anthropology · behavior · community · Uncategorized

Getting the locals on board is key to conservation

An ethnic Adivasi woman from the Kutia Kondh t...
You're looking at the face of sustainable conservation. Image via Wikipedia

Great post from the Human Directions of Natural Resource Management:

Indigenous peoples are key to preserving the world’s forests, and conservation reserves that exclude them suffer as a result, according to a new study from the World Bank.

Its analysis shows how deforestation plummets to its lowest levels when indigenous peoples continue living in protected areas, and are not forced out.

Across the world millions of tribal people are conservation refugees, but the World Bank says its evidence shows ‘forest conservation need not be at the expense of local livelihoods.’

Using satellite data from forest fires to help indicate deforestation levels, the study showed rates were lower by about 16% in indigenous areas between 2000-2008.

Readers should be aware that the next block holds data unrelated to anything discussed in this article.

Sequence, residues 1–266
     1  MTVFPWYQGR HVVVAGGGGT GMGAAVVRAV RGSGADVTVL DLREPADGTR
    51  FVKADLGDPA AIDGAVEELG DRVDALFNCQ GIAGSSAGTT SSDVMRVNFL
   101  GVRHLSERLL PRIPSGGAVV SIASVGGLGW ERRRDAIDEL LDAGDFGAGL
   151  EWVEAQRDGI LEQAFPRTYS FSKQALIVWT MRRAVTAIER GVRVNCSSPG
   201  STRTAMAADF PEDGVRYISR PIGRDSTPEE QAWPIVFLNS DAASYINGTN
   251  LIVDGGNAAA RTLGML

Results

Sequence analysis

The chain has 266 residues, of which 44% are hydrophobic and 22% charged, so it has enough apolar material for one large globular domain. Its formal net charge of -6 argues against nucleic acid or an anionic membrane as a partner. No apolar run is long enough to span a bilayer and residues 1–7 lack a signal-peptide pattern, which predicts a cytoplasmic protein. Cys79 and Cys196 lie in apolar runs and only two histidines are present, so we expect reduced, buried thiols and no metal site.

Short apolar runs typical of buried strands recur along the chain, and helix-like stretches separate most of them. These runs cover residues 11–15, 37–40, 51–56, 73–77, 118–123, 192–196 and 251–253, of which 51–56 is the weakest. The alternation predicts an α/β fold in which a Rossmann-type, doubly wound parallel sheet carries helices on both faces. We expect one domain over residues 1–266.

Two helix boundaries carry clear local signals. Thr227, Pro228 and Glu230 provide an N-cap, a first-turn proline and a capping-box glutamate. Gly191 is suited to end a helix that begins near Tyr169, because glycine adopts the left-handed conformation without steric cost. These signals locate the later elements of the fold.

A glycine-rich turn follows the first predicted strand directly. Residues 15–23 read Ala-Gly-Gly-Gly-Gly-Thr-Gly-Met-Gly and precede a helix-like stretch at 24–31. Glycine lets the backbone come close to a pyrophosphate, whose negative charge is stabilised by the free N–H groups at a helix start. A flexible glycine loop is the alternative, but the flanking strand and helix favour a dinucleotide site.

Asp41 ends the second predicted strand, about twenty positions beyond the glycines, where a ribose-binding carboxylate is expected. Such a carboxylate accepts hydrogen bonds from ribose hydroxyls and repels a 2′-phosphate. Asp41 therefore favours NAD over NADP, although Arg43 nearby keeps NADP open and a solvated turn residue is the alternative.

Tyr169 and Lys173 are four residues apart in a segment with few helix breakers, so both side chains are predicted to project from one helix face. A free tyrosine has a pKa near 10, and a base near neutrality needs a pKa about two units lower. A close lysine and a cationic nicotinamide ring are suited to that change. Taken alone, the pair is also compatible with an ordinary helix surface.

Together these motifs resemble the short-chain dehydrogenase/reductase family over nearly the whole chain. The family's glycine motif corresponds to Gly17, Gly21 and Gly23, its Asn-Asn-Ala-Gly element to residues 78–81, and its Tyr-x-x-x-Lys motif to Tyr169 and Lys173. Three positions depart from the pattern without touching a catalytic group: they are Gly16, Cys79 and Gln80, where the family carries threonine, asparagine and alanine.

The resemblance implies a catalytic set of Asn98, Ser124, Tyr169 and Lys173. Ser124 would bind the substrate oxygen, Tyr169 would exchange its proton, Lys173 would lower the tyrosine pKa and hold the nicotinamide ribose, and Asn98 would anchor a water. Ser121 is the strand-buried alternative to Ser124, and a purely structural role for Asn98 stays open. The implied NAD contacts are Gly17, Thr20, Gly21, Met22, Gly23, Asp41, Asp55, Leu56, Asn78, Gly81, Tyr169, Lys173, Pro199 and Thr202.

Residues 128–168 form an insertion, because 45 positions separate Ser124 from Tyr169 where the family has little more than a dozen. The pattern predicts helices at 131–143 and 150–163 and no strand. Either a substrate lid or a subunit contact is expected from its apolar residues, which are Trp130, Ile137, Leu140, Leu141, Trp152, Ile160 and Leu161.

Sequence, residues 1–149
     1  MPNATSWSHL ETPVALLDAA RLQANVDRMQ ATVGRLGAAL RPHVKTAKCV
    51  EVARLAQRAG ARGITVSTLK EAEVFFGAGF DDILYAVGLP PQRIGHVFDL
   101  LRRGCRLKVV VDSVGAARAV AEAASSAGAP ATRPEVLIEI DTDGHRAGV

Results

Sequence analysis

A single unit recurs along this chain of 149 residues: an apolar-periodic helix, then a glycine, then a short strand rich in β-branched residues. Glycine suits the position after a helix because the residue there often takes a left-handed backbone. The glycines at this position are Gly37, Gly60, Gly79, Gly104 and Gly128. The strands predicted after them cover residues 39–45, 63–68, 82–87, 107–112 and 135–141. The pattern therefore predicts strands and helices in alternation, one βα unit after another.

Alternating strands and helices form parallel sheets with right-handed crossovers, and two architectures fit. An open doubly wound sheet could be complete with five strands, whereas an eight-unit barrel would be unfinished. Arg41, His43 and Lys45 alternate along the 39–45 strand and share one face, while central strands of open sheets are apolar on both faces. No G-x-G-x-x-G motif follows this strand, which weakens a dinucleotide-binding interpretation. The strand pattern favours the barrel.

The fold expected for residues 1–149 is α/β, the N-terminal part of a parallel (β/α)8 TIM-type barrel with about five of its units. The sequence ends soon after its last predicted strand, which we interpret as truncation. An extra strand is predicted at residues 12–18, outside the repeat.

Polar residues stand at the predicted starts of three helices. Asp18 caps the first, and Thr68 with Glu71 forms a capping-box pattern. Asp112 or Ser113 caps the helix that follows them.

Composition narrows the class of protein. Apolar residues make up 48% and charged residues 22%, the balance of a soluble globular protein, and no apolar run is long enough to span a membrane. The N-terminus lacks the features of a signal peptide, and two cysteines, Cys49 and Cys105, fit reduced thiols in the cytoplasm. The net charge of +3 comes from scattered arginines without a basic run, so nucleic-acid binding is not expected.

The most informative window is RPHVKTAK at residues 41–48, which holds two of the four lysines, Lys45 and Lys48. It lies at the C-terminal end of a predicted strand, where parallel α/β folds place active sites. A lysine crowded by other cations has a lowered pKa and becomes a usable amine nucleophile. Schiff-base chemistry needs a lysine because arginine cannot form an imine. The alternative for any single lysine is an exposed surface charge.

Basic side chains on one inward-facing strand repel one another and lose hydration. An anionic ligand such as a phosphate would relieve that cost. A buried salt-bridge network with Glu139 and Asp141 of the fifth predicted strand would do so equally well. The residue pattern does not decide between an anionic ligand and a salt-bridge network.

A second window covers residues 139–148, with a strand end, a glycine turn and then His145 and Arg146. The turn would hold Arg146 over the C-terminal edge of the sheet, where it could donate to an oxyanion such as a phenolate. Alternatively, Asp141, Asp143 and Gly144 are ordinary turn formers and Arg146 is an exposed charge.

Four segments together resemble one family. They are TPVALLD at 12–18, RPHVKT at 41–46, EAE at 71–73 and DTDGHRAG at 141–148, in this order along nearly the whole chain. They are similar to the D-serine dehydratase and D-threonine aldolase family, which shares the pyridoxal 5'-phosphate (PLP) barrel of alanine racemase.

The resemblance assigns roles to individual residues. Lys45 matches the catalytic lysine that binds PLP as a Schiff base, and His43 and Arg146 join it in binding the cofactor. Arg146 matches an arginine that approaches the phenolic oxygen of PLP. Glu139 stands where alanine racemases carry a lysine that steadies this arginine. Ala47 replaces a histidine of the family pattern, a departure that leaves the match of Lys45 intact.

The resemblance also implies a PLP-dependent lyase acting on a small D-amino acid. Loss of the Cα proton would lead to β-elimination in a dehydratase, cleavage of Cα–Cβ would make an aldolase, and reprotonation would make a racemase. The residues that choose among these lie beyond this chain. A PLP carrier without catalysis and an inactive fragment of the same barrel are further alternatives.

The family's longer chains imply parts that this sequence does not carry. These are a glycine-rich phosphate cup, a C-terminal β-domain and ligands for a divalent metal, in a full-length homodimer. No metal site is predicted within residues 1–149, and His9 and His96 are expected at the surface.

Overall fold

Read more at It’s Official – The Key To Conservation Lies With Indigenous Peoples

This is something Woodland Park Zoo, Izilwane, and many other non-profit organizations have been working on for years, so it’s nice to see the World Bank back them up.

So, the next question is what can be done to support local, indigenous groups to protect and care for their natural surroundings? Most groups want to preserve their environments and keep them handy for the next generation, but it is simply economically not viable, at least not how they see it.

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2 thoughts on “Getting the locals on board is key to conservation

  1. Beth, another great post…and I’ve been meaning to tell you how much I enjoy reading your blog! Really nicely done. Hope you’re doing well.

    Cheers,
    Kathryn Owen
    PS Would love to catch up…maybe you can stop by for a visit sometime?

  2. Thanks Kathryn! I just started a new job, but it’s nearby so I could potentially swing by some time after work. I’ll send you an email and we can work out a time to connect. 🙂

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